As for the audio, audio is featured in TrueHD5.1. The film is primarily a dialogue-based film but I did notice that in some outdoor scenes, you can hear people's discussions in the rear and side channels. Also, when you hear that guitar strumming of the film, the music really comes quite clear and noticeable. Overall, being a dialogue-driven film, audio is clear.
The Blu-ray comes with one major special feature and that is the documentary "Finding the Truth: The Making of Kramer vs. Kramer". This special feature was on the original 2001 DVD release but for those who have never seen it, then this DVD definitely shows us some really in-depth behind-the-scenes situations. For one, both Robert Benton and Stanley R. Jaffe really wanted Dustin Hoffman for the role.
Hoffman was going through his first divorce and really wasn't sure where his life or his career would be going, not knowing if he wanted to do film anymore. But eventually, Benton and Jaffe wanted Hoffman that they moved to the area to be closer to him and work out the script for the film.
As for Meryl Streep, she was shooting "Manhattan" for Woody Allen and doing theater but as any actress starting out, she wanted the role badly and hoped that Benton and Jaffe would allow her the time to shoot both films which they did.
As for Justin Henry, the casting of his role was so crucial that his mannerisms captured both Hoffman, Benton and the crew's attention. The child was essentially born to play that role.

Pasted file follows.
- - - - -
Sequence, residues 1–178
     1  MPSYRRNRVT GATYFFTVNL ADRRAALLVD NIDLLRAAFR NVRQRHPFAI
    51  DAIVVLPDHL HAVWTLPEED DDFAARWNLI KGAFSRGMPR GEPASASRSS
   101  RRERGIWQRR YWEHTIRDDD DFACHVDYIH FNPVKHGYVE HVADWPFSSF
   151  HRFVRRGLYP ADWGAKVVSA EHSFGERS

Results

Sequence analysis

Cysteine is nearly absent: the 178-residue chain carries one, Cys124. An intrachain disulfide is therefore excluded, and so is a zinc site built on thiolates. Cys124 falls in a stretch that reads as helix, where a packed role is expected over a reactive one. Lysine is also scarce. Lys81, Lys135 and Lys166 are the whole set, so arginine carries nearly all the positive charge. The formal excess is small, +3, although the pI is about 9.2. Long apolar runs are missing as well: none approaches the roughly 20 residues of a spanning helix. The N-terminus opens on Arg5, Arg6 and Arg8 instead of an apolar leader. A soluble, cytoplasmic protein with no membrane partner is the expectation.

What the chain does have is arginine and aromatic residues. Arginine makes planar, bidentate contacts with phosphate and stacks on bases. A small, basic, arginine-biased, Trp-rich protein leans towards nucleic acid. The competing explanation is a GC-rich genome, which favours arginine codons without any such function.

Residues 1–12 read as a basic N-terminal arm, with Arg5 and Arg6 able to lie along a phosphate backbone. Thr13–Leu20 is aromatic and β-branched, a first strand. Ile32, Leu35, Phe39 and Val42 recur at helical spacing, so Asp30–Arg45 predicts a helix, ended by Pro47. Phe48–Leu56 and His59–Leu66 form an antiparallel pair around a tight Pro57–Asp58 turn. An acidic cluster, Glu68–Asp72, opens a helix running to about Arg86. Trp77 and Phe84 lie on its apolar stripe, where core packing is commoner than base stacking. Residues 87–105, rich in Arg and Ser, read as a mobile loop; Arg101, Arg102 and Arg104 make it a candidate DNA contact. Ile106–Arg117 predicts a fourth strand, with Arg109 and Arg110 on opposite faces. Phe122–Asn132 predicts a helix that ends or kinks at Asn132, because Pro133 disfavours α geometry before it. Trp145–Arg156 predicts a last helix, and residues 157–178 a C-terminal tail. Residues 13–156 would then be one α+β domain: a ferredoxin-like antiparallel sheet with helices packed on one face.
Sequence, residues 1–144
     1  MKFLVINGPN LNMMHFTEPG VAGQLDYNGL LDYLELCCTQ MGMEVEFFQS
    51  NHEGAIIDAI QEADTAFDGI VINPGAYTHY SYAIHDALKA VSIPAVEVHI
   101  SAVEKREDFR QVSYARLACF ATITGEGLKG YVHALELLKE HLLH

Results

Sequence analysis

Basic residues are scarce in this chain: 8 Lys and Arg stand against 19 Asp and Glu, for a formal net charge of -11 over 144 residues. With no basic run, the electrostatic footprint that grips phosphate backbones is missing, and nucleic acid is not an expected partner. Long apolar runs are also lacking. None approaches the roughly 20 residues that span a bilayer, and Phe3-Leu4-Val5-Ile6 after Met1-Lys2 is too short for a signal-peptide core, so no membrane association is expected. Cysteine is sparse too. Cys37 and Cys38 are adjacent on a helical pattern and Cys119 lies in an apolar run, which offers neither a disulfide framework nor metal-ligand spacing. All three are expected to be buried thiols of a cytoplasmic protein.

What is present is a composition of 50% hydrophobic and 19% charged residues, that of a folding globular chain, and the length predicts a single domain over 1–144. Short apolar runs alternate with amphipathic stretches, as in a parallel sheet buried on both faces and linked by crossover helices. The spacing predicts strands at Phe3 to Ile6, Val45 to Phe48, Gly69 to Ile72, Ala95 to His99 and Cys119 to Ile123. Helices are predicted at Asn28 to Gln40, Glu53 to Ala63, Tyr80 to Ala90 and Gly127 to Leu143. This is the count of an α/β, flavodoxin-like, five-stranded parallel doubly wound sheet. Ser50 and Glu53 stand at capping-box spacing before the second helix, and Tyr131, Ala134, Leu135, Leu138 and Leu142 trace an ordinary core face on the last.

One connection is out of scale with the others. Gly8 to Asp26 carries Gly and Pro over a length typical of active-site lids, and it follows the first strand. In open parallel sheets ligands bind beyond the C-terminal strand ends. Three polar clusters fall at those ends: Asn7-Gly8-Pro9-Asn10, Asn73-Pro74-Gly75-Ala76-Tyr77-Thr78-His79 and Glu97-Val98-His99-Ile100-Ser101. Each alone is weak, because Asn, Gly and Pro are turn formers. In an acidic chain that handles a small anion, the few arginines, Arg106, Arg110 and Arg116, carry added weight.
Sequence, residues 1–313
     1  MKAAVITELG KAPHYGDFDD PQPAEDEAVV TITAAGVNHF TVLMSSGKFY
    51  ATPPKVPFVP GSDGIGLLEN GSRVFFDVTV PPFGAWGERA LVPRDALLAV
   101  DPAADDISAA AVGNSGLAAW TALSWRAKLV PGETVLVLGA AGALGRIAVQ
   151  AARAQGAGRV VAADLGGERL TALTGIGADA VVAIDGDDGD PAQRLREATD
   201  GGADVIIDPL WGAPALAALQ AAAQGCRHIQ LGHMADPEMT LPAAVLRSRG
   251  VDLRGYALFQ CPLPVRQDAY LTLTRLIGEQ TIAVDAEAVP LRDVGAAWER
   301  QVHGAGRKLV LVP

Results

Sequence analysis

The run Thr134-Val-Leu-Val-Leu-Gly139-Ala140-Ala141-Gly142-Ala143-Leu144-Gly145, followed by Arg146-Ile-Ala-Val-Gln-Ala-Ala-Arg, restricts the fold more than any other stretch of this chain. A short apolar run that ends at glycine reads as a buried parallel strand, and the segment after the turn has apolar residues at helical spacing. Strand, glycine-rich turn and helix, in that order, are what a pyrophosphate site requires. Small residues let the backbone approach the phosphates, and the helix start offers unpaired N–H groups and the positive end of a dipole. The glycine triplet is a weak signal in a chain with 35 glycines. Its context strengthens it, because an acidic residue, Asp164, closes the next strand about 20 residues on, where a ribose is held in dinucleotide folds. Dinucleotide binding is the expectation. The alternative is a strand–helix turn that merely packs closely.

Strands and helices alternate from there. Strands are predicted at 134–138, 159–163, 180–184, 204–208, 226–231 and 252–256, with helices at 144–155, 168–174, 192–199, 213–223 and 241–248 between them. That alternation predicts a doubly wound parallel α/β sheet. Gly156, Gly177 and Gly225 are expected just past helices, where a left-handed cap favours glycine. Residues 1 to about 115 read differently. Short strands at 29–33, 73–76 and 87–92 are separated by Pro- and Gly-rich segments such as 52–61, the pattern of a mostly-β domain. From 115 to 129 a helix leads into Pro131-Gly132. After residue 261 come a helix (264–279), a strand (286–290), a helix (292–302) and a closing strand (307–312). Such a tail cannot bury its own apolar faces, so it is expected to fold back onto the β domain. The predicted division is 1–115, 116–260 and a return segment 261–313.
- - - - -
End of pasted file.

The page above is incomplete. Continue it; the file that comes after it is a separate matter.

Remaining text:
But what is more enjoyable was to know how certain scenes were improvised. From the broken glass scene, Meryl Streep and the director didn't know that was going to happen, so that was a genuine reaction. Also, to see how Hoffman would help Justin achieve his emotional scenes especially in the hospital scene was definitely insightful.
But overall, you learn a lot of interesting facts from the film and it was good to see the all the major talent interviewed for this segment.
The film is ultimately moving and your easily drawn into the story and its characters.
"Kramer vs. Kramer" is a film that definitely made an impact on society at that time because cultural society of "motherhood" and "fatherhood" was changing. The focus on two parents working, the woman becoming more independent and not being forced to stay at home to take care of children and eventually the film would be used and brought up for several court cases that involved custody battles.
Granted, divorces are much, much more common place but 30-years ago, "Kramer vs. Kramer" was released during a time where "Brady Bunch" just ended several years earlier and TV sitcoms focused so much on the family dynamic, father was making the money and the women were essentially housewives. "Kramer vs. Kramer" was a film about a man who was the moneymaker in a top job now having to face becoming a single father while his ex-wife, unhappy of having to be forced to be a stay-at-home wife, now searching for her life and essentially getting a job (that pays more than what Ted is making).
Suffice to say, this film worked on many levels because of the talents were wellcast. Dustin Hoffman is an excellent actor and his use of improvisational and trying to make sure the scenes work was well done. Justin Henry as Billy was one of the best examples of excellent child acting and seeing a kid through a variety of emotions - happiness, sadness and excruciating pain. And of course, Meryl Streep, with only 15-minutes of screen time, manages to really bring out the character of Joanna in a variety of levels. Also, Jane Alexander as the family friend Margaret, who definitely brought a contrast towards Ted Kramer's situation of a wife who's husband has left her with the kids.